STUDIO: Warner Bros.
MSRP: $24.98
RUNNING TIME: 108 min.
• Bonus Interviews
• Music Videos
• Image Gallery

The Pitch

“The perfect sports film for people in the region south of New Hampshire, east of New York and north of Rhode Island!”

The Humans

Former local sports heroes Ray Bourque (Bruins), Doug Flutie (Boston College Eagles, New England Patriots), M.L. Carr (Celtics), Steve Nelson (Patriots), Jerry Remy (Red Sox), Tommy Heinsohn (Celtics); Red Sox General Manager Theo Epstein; Red Sox CEO Larry Lucchino; Celtics owner Wyc Grousbeck; sports journalists Peter Gammons and Mike Barnicle; actor/Boston sports fan Mike O’Malley.

"Lord, let some of that Bird magic rub off on me."

The Nutshell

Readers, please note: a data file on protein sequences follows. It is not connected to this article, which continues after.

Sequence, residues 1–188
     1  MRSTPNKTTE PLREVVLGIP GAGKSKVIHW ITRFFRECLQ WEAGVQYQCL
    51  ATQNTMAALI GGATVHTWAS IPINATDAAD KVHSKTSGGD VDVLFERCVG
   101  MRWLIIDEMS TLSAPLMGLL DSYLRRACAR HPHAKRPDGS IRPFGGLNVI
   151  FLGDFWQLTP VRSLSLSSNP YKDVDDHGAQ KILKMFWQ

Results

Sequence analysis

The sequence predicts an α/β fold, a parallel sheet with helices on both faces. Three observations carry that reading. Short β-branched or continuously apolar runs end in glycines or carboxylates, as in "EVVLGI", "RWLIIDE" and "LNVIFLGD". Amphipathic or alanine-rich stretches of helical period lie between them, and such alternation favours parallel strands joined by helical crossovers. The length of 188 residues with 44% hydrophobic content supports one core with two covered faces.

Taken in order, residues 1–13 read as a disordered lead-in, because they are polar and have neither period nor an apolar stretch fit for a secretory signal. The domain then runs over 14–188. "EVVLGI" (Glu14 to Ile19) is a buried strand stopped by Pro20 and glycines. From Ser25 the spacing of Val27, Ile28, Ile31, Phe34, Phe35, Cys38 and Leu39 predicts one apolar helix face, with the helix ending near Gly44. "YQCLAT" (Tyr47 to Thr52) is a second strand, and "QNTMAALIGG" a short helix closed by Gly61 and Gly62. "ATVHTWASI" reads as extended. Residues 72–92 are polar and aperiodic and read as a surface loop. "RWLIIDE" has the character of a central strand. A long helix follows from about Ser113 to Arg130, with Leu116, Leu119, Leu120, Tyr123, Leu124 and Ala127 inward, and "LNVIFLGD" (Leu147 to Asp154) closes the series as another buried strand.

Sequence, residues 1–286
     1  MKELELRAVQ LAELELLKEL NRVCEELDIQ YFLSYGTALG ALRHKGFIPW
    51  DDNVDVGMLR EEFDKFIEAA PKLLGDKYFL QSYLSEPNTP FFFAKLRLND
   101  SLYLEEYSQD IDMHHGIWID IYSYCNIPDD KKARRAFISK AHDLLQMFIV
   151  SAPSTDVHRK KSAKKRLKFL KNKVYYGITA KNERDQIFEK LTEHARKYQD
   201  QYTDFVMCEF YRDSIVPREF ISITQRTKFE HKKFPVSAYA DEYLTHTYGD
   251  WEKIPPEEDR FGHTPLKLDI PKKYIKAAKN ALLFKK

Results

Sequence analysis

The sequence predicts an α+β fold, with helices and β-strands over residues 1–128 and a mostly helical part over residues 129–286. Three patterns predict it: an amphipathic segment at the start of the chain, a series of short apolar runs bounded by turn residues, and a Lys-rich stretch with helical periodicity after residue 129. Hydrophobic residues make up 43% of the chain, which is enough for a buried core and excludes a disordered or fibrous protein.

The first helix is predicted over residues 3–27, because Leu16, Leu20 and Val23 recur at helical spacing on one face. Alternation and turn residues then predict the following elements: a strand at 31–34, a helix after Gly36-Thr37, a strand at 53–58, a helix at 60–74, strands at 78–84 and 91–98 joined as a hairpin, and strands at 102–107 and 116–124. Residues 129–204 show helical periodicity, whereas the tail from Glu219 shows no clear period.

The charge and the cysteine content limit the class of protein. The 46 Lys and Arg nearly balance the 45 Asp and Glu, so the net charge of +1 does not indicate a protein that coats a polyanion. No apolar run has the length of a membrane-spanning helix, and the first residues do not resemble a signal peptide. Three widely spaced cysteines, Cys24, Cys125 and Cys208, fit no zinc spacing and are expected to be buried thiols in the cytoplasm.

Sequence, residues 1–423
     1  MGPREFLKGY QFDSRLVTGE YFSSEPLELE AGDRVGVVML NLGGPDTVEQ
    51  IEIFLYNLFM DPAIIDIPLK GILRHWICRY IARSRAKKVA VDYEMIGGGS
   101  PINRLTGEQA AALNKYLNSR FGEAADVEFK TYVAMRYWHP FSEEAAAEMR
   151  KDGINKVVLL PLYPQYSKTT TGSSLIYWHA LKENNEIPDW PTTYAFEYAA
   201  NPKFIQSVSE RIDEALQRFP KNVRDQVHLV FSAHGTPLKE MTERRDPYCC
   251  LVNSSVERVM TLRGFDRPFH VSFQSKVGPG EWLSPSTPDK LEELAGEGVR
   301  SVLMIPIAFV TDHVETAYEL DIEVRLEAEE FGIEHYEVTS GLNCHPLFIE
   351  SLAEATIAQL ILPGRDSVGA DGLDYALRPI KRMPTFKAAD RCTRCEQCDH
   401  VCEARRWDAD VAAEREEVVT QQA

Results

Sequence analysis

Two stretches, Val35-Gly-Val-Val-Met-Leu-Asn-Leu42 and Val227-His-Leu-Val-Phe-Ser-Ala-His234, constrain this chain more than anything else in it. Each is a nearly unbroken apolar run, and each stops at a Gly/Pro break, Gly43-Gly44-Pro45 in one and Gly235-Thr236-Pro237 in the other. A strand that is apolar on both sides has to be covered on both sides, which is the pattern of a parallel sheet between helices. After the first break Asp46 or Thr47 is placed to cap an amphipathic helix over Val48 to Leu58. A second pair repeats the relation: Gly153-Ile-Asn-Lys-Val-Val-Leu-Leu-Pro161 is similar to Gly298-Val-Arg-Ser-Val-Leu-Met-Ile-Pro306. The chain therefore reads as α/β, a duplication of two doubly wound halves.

Boston, Massachusetts has a rich and varied history in sports, rivaled only (and quite heatedly) by New York City as the country’s ultimate sports town. Boston fans love their sports figures like family members (that they love). One reason for that level of devotion (beyond the usual “us vs. them” mentality that pervades most regional sports collectives) is that Boston teams and sporting events have nurtured so many legendary competitors, men and women who not only racked up awards and won championships for their teams, but also raised the level of play in their respective sports. Think of Roger Clemens and his two 20-strikeout games, Ted Williams’ .406 batting average in 1941, Larry Bird scoring a Celtics team-record 60 points six days after Kevin McHale broke the record with 53 points, Bobby Orr’s “flying goal” for the Bruins in the 1970 Stanley Cup finals, or Doug Flutie’s game-winning Hail Mary pass for Boston College in the 1984 Orange Bowl. These dedicated players, and many others, inspired generations of Beantown fans. A Boston athlete can claim a spot high on the “greatest-of” lists of nearly every major sport.